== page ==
She said she holds no animosity toward the president, saying her son ‘wanted to be there.’ 

Holguin learned her son was dead when she received a phone call Friday at 2:30 a.m. 

Officials in Indiana confirmed that Corporal Humberto Sanchez was also among the dead. 

Sanchez graduated from Logansport High School in 2017. He also attended Columbia Elementary.

‘Like many, I have been heartbroken over the recent loss of the 13 U.S. service members who were murdered in the terrorist attacks against our evacuation efforts in Kabul, Afghanistan,’ Logansport Mayor Chris Martin said in a statement on Facebook. 

‘Even more heartbreaking is learning the news today that one of those killed was from right here at home in Logansport, Indiana.

‘This young man had not yet even turned 30 and still had his entire life ahead of him. Any plans he may have had for his post-military life were given in sacrifice due to the heart he exhibited in putting himself into harm’s way to safeguard the lives of others.’ 

Sanchez’s friend Kennedy Rhiannon Rickerd wrote on Facebook: ‘Humberto Sanchez throughout school you were always making everyone in the room laugh & I will remember that side of you when I think about you always, RIP.’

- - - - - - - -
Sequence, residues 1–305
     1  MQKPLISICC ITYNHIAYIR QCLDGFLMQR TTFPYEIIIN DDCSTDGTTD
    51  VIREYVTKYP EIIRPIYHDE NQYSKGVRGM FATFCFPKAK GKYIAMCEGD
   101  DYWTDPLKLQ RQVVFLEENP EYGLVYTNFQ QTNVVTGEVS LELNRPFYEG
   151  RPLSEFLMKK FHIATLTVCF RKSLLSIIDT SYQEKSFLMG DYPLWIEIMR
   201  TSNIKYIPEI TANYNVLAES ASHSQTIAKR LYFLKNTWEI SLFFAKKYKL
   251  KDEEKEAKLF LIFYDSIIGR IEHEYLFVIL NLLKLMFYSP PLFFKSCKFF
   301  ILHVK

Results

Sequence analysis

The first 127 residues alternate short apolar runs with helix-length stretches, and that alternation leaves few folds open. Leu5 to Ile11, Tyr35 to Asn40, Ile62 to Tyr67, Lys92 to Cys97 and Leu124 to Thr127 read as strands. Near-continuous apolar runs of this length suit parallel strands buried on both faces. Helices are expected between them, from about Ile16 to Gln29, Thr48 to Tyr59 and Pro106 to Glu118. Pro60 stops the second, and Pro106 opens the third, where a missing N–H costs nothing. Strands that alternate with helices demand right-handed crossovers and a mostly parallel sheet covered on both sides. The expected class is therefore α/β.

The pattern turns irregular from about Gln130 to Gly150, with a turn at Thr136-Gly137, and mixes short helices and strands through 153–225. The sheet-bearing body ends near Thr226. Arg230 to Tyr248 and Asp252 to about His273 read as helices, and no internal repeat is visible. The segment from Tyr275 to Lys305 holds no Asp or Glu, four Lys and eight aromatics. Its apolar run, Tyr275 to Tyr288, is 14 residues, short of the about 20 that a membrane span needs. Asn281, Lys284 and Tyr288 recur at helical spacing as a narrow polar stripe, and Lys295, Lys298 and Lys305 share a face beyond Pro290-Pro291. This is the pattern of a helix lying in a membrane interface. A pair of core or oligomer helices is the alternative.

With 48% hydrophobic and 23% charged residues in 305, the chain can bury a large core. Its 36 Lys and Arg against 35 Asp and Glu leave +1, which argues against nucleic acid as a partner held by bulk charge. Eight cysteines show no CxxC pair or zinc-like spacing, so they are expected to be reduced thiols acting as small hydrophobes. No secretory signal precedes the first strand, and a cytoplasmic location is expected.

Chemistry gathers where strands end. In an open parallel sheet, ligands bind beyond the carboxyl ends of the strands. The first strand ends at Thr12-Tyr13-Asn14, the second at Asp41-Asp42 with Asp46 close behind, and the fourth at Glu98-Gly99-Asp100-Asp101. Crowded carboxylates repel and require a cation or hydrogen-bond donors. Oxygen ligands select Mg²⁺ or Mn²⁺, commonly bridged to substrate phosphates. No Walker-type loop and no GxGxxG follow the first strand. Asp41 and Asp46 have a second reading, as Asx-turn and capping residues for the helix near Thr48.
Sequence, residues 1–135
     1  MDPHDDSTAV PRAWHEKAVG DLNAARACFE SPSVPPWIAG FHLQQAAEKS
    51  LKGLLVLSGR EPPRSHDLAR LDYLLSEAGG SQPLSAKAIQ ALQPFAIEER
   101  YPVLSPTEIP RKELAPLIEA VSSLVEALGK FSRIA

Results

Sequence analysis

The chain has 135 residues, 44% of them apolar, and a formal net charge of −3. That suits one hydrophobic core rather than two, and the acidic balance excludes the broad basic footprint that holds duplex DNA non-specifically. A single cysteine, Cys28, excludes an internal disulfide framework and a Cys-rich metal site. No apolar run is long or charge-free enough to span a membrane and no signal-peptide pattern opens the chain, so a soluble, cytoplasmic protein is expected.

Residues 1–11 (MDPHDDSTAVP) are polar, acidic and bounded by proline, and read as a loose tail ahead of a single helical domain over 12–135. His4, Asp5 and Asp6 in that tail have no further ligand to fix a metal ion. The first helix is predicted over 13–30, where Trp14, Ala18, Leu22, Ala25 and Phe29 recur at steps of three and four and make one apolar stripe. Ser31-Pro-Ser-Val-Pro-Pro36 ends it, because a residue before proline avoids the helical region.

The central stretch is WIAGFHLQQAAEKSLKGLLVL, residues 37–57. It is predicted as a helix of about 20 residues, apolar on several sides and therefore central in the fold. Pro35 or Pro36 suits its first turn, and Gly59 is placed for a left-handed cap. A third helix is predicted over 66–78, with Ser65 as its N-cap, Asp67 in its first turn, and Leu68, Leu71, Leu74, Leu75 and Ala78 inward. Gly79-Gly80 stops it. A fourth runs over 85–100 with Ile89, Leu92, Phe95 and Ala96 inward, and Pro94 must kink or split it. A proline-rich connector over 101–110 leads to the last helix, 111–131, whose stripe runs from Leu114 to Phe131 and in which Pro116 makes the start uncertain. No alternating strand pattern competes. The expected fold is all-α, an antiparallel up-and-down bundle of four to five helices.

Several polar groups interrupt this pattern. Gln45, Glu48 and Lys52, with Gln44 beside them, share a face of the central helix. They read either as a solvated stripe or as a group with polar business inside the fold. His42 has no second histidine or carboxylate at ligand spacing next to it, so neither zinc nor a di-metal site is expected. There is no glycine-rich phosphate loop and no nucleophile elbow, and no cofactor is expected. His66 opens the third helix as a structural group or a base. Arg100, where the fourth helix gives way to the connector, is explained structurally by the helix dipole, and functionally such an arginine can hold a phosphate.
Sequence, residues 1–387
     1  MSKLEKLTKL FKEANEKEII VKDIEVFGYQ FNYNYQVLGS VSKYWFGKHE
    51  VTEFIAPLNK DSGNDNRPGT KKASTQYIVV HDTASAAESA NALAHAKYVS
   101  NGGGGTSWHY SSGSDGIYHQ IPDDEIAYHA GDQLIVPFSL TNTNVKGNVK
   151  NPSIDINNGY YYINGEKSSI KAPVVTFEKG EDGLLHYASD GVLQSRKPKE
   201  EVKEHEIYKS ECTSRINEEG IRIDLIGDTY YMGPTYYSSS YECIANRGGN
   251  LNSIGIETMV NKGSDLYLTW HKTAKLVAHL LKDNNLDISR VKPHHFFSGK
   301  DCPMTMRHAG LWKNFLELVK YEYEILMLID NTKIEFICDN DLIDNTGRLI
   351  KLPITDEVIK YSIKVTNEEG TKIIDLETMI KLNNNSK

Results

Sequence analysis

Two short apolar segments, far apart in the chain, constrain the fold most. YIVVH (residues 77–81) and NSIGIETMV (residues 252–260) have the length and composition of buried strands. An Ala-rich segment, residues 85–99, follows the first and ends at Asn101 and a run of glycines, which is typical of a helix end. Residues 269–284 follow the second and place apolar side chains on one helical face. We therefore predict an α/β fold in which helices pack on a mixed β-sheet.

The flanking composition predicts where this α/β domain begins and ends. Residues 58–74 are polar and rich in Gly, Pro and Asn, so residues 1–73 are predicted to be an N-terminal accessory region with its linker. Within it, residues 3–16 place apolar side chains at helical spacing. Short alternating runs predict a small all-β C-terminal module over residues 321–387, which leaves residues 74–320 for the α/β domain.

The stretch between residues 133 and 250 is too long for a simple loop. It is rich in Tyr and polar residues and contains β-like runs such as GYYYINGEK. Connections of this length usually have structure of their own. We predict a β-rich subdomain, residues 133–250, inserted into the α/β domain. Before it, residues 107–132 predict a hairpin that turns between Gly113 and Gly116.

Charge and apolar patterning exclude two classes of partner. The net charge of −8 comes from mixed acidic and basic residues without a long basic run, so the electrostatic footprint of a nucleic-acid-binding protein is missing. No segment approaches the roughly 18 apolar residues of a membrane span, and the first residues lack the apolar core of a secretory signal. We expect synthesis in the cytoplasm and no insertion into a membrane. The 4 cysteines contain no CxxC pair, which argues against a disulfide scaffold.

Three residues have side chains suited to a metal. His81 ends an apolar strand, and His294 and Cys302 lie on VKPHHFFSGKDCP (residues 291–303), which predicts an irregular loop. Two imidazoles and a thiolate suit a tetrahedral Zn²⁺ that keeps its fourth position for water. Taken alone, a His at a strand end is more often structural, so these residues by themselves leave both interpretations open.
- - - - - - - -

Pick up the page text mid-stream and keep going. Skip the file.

Their identities emerged on Friday as Pentagon officials revealed there was only one suicide bomber at Kabul airport on Thursday and not two, as previously claimed – adding to confusion over the attack and fears for the ongoing operation on the ground. 

Nikoui said he knew his son was dead when he saw two Marines approaching his home on Thursday at 7.15pm PST. 

David Lee Espinoza was a 20-year-old U.S. Marine from Rio Grande, Texas. He is pictured with his mother, Elizabeth Holguin, who told DailyMail.com on Friday that he was a ‘good person’. She last spoke to him four days ago 

Max Soviak, from Ohio, is seen in 2018. He graduated from Edison High School in Milan, Ohio, in 2017

Daegan Page (left) from Nebraska was among the 13 U.S. military servicemen who died in Thursday’s attack

Daegan Page (third from left, rear), who was killed in an attack by ISIS-K at Hamid Karzai Airport in Afghanistan on August 26, 2021, is seen with fellow Marines in photos from his Instagram page

Page, from Omaha, was a member of the 2nd Battalion Marine Regiment based at Camp Pendleton, California

He said he sat with the two emotional Marines, who cried more than he did, and then had them leave. 

‘I was actually trying to console them. But at the same time, I just wanted them to get out as soon as possible so that no one from my family came back and saw them.

‘I thought it appropriate that I be able to tell them,’ he said.

Nikoui told Tucker Carlson on Fox News that he then realized his relatives might want to see the Marines.

He asked them if they could wait outside, while his family returned from a football game. 

‘They sat out there for four hours,’ he said. ‘I was in awe and just humbled by their performance.’